Wednesday, November 12, 2014

Some Possible Reasons for the Spike in School Violence

All over the nation, school violence has been increasing, violence of student against student, student against teacher. School districts have
been reluctant to talk about this, but it is a huge subject of private discussion among teachers. Here are my own views of
why school violence is increasing and is likely to increase in the future.

1. Schools have become pressure cookers filled with high stakes tests, putting students on edge. The average school now give 17 tests a
year, compared to 6 before No Child Left Behind.  In many schools, all that takes place in classrooms is testing and test prep. Students have
little opportunity to express themselves and often feel assaulted and humiliated by the way the material is presented, as well as the tests

2. Class size has risen, reducing the chance of students making a personal connection with teachers, and making it more difficult for
teachers to control a class.

3. Music, the arts and sports programs all have been cut as school budgets have been slashed and testing expenses have risen, taking
away the very things that students most look forward to going to school for and also removing the activities where they are most likely
to find success and express their unique talents

4. Teachers are constantly attacked and disrespected, in the media, in comments made by parents and other adults, eroding their authority
over the young people they work with. And this disrespect is reinforced by the way administrators treat teachers, during observations, and sometimes during routine conversations and interactions.  If teachers are everywhere the object of contempt among adults, why should young people respect them?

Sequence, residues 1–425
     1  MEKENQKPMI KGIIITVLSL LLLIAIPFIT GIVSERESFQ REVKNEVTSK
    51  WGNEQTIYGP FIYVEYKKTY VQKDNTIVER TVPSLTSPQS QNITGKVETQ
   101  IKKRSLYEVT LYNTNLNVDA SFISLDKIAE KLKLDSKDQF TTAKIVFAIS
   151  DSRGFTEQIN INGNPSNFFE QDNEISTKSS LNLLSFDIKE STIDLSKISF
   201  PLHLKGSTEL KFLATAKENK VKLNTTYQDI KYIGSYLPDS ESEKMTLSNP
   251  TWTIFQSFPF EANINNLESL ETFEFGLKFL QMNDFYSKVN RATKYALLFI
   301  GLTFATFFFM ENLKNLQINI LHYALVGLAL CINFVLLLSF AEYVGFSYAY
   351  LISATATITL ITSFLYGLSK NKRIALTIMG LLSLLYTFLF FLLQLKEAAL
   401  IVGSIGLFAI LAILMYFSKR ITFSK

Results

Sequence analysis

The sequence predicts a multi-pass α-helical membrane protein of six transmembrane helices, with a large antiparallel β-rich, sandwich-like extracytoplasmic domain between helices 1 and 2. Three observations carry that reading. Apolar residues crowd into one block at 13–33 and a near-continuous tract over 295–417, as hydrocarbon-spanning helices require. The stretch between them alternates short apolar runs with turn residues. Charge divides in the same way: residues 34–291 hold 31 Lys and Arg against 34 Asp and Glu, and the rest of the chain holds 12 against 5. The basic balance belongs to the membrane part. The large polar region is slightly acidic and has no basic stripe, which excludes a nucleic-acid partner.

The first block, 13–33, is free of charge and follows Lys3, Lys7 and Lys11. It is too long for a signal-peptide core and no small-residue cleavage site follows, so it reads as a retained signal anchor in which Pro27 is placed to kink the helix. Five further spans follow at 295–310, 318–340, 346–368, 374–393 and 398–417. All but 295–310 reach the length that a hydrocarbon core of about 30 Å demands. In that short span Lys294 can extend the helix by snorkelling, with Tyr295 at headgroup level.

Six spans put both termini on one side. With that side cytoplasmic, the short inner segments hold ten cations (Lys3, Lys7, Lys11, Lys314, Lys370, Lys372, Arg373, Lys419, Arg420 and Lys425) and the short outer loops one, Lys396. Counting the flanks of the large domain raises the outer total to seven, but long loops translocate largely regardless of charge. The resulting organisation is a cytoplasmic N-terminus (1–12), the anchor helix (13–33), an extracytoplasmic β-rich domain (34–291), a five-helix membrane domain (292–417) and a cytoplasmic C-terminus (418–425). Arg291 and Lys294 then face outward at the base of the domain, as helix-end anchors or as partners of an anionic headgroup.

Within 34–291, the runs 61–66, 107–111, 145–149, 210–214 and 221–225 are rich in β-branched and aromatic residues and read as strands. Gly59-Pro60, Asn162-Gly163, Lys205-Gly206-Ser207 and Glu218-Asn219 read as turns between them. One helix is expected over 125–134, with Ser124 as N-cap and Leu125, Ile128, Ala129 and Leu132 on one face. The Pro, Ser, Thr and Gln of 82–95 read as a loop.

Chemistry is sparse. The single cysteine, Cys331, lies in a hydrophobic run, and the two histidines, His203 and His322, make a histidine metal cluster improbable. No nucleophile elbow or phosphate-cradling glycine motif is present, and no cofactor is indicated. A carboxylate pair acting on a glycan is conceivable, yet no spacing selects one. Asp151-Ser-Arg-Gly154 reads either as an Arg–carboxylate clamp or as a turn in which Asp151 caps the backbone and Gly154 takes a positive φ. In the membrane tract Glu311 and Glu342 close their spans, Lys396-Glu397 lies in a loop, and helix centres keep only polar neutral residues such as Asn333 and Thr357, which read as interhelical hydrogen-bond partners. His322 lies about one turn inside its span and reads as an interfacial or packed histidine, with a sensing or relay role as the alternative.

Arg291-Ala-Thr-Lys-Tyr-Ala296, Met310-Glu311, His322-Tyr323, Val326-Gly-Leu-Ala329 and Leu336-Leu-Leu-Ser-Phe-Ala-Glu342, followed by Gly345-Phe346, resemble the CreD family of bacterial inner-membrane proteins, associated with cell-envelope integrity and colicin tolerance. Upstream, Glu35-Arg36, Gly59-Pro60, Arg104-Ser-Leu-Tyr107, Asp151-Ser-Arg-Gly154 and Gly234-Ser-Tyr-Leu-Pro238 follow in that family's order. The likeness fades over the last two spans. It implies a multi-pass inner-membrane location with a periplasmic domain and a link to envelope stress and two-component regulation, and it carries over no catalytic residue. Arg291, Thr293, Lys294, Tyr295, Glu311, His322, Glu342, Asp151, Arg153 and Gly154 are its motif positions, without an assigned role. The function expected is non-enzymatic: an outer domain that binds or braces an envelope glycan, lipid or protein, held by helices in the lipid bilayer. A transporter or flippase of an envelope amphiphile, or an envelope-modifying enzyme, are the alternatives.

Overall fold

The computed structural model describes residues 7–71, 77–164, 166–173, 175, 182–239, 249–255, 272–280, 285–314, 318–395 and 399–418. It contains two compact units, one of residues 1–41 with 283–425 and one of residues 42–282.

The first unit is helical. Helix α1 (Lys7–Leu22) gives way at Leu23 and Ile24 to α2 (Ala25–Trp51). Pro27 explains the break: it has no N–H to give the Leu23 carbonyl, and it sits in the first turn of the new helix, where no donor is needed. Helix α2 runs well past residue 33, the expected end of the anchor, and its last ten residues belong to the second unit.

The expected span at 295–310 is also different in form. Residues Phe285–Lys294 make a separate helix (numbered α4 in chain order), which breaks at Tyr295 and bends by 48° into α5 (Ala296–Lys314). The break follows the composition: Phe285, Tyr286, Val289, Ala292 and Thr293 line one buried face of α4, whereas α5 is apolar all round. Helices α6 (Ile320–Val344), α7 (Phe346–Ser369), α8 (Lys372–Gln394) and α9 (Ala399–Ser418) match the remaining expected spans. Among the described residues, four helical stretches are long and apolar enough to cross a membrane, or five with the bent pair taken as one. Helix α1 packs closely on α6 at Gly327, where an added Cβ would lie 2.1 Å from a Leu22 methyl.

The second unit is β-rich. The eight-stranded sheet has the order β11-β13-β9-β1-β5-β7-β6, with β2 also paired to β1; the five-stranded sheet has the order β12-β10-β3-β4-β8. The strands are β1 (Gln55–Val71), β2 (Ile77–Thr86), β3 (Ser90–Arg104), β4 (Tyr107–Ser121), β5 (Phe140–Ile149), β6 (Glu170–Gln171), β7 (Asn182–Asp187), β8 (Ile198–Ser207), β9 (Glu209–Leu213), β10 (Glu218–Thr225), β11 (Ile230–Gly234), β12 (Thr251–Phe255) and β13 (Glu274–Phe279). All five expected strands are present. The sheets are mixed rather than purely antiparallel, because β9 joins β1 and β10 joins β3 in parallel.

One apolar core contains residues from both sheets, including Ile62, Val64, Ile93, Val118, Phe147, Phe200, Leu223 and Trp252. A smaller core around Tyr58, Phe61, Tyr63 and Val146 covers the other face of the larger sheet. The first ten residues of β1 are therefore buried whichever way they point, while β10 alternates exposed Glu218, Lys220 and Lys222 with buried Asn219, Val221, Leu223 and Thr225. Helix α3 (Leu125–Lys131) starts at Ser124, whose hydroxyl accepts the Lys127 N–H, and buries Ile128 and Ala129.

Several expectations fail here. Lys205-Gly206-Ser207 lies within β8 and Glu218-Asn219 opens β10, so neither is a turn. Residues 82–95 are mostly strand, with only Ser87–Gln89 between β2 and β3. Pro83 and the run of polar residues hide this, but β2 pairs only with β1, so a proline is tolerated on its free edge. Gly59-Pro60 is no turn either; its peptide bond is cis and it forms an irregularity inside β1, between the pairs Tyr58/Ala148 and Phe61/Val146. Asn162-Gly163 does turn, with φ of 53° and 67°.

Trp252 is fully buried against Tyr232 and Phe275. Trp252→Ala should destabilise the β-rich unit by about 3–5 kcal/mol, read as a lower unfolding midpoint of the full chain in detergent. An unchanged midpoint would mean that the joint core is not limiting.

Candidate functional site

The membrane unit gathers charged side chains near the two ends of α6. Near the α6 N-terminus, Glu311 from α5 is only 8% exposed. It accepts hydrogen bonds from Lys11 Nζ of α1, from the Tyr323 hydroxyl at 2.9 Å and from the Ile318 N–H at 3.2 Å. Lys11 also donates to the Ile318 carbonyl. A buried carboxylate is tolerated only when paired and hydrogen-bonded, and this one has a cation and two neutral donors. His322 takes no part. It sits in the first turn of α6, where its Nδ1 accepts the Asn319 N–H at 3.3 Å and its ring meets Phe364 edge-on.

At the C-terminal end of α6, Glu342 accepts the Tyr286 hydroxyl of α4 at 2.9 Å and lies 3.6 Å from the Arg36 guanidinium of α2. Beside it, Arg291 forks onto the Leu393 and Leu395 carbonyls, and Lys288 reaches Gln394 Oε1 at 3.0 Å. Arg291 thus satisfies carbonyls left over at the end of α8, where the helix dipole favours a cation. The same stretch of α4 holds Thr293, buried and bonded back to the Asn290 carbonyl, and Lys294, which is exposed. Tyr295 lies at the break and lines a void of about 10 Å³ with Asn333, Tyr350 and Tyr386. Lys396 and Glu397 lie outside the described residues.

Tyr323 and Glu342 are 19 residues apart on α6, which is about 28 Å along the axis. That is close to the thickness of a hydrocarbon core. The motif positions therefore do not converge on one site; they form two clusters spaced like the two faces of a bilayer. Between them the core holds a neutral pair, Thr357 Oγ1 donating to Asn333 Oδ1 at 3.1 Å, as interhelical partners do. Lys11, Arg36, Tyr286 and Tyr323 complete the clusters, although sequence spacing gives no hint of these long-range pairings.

5. With budget cuts, there has been a sharp decline in support personnel like school counselors and school psychologists, to who young people in trouble
can be referred when teachers see them in pain, or on the verge of exploding. Many student problems are best dealt with in small group settings and forcing teachers to deal with them in overcrowded stress filled classrooms is asking for trouble

6. Students look at the world around them and see few rewards for completing school successfully. The vast majority of the jobs they will get after graduating from college will be low paying and have little in the way of a career ladder, and college is becoming increasingly expensive at a time when even immediate consequence of graduation is more likely to be student loan debt than a high paying secure job. Given the grim job market, telling students about the rewards of working hard and mastering the boring material they are deluged with leaves them cold. Why sacrifice in the present if there is little hope in the future.

7. The same deteriorating economy that is compromising students futures is making their present lives difficult. More and more families are forced to live doubled and tripled up and take in borders; others are going through bouts of homelessness or moving from place to place as their economic prospects dim. Many of these living situations are stressful, some are abusive.  More and more students, even from once middle class families are bringing incredible stress to school at a time when schools is less and less equipped to cope with their needs

   These are some of the reasons I have put forth for a crisis in our schools that few are willing to acknowledge. i am sure readers can come up with others, but I felt it was important to start this discussion